1. Customer Experience. An elegant customer experience makes your brand stand out as a company that is easy to do business with. Zipwhip can automate texts from triggered events (e.g. keyword response) and these responses will come from your company’s phone number. In other words, once the customer receives a text, they can respond and engage in a two-way conversation.
  2. Speed of Process. We have seen that even without any marketing of the service, the majority of texting conversations are initiated by customers. On top of that, the average response time for a text is 90 seconds and the open rate is 98 percent. That far outpaces other communication channels.
  3. Compliance. A software service like Zipwhip allows you to maintain a record of communications between customers and employees. You also have the ability to archive all conversations into your CRM. This level of security and administrative control is important when dealing with many employees across multiple locations or departments.

The Bottom Line: Short Codes are Only Half of the Solution

One-way texting isn’t a communication strategy – it’s an alert system.

Two-way texting is a holistic and effective way to improve customer experience immediately. It offers customers of enterprise businesses the choice to communicate in their preferred manner, whether it be texting or calling a real phone number.

Make sure the next time someone asks, “Can I call that number?” or “Can I text you that?” the answer is the same: “Yes!”

Looking to enhance your texting strategy by replacing short codes with real telephone numbers? Contact Zipwhip.

Still not convinced? Read on to learn more about short codes below.

What are the Different Types of Short Codes?

Shared Short Codes

Did you know that hundreds, sometimes thousands, of companies can use the same exact number to send texts? This makes brands vulnerable. Since there’s no ownership over these numbers, they often get shut down for phishing, spam and illegal content (such as breaching TCPA laws that protect consumers). Even if you’re complying by best practices, your short-code number could get shut down because another company abused it. Since the numbers can be shared by many companies, customers have to opt-in using a specific keyword. This means no two companies with the same short code can use the same keyword. It can also be a confusing customer experience if a customer wants to receive text notifications from two companies that share the same short code.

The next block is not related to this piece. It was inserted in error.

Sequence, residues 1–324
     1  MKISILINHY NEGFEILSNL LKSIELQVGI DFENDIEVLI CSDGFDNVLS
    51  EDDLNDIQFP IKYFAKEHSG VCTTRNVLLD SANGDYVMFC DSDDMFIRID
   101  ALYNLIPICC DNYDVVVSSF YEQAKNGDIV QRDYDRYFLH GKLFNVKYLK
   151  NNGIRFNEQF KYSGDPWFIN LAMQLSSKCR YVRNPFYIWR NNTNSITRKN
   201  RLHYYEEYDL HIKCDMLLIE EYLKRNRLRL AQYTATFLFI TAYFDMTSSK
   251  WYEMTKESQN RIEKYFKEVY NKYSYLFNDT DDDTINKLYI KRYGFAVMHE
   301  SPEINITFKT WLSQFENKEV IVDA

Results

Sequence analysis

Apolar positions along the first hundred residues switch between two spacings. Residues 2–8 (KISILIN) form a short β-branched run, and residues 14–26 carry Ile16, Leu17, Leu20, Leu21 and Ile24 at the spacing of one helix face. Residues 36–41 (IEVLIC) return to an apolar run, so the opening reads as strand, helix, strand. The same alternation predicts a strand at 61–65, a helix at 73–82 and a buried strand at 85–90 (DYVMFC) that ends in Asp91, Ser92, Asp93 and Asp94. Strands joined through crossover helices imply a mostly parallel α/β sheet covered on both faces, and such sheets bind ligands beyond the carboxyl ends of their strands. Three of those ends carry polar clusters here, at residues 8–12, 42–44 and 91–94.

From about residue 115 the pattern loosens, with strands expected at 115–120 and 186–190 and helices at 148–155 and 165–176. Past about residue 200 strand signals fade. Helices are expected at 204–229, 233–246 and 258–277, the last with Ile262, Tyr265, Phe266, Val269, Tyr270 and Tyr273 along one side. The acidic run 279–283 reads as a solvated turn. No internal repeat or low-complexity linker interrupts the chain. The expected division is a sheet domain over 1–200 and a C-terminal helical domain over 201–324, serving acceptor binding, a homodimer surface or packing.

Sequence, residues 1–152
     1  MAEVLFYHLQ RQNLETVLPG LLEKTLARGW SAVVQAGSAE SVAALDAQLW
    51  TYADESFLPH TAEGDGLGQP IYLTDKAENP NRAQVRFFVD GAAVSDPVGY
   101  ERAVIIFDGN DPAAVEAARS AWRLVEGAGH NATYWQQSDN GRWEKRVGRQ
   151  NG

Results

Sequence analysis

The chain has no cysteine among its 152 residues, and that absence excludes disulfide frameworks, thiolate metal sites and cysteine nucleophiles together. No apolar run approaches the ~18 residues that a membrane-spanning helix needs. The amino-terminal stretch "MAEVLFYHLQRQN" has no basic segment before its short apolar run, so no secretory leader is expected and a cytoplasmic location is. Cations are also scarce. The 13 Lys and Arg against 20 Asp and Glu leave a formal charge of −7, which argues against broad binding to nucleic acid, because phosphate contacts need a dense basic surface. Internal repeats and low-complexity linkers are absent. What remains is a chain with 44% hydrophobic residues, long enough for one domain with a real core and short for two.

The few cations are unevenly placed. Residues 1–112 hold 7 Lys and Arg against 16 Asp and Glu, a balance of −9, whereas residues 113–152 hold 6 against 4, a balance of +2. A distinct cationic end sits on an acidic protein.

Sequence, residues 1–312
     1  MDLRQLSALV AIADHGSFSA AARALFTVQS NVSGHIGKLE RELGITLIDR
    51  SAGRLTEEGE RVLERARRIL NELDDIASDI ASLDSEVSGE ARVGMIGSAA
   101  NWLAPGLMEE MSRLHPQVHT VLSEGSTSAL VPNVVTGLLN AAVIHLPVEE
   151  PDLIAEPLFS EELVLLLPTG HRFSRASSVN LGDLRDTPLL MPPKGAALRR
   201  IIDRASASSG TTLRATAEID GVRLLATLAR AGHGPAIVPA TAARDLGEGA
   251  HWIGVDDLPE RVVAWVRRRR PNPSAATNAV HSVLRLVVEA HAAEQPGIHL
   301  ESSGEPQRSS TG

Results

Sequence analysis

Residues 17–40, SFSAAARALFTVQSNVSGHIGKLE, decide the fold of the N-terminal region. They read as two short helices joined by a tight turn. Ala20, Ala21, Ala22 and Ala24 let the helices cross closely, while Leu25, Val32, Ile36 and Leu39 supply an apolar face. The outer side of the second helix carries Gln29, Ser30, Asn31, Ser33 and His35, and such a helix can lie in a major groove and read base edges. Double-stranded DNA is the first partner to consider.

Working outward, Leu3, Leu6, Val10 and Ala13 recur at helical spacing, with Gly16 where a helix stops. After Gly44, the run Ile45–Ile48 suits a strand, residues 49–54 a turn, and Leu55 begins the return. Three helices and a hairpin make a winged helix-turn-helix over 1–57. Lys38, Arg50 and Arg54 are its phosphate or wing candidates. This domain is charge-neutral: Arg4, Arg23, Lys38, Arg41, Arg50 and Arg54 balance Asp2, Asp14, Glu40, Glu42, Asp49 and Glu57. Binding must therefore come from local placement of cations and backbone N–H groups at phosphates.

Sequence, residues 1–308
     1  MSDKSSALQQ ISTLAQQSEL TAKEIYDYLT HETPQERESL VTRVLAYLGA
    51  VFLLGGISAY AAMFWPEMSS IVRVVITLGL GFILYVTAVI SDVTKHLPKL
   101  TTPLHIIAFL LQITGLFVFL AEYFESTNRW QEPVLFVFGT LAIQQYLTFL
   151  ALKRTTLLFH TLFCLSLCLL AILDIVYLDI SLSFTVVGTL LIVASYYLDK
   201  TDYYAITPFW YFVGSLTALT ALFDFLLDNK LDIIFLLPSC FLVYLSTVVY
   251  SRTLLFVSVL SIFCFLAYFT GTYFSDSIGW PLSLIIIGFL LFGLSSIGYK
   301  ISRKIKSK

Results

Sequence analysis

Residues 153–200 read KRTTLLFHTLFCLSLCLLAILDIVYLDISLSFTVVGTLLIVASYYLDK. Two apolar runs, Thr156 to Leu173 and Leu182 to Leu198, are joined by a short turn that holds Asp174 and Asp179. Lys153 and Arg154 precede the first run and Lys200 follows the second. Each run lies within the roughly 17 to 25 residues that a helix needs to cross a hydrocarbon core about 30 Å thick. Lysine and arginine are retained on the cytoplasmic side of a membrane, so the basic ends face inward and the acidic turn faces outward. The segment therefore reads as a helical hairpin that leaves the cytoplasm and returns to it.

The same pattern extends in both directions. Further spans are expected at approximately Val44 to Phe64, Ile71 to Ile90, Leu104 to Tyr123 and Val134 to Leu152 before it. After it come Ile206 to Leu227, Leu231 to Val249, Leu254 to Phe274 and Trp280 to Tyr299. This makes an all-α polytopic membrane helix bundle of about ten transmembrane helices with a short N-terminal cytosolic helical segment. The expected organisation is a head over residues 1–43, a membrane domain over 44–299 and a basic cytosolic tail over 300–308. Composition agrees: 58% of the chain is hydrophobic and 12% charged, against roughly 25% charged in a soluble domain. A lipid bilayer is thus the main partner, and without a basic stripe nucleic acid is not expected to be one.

Dedicated Short Codes

With dedicated short codes, businesses can rent or lease short codes so they can have unlimited access to any keyword. This gives them more ownership over the number, but not complete control. The approval process for dedicated short codes can often take months, because it has to be approved by each individual cellular network. In addition, this option is extremely costly compared to shared short codes. On top of that, random dedicated short codes aren’t as memorable as something like a particular pattern or number associated with your brand.

Vanity Short Codes

Businesses can opt for a vanity short code if they want a more memorable or recognizable number. However, it’s challenging to get these approved as well because they could be duplicates of other vanity codes. A series of numbers that spells a word on a keypad could also spell another word already claimed by another brand. Ultimately, these are the most expensive short codes and typically only used by large, well-known brands with strong name recognition.

Ready to replace short codes with real telephone numbers? Contact Zipwhip today.

Ian Swartz

Enterprise Account Executive at Zipwhip
Ian Swartz is an Enterprise Account Executive at Zipwhip. He helps large firms open two-way text messaging on their existing business phone numbers for a more powerful customer experience.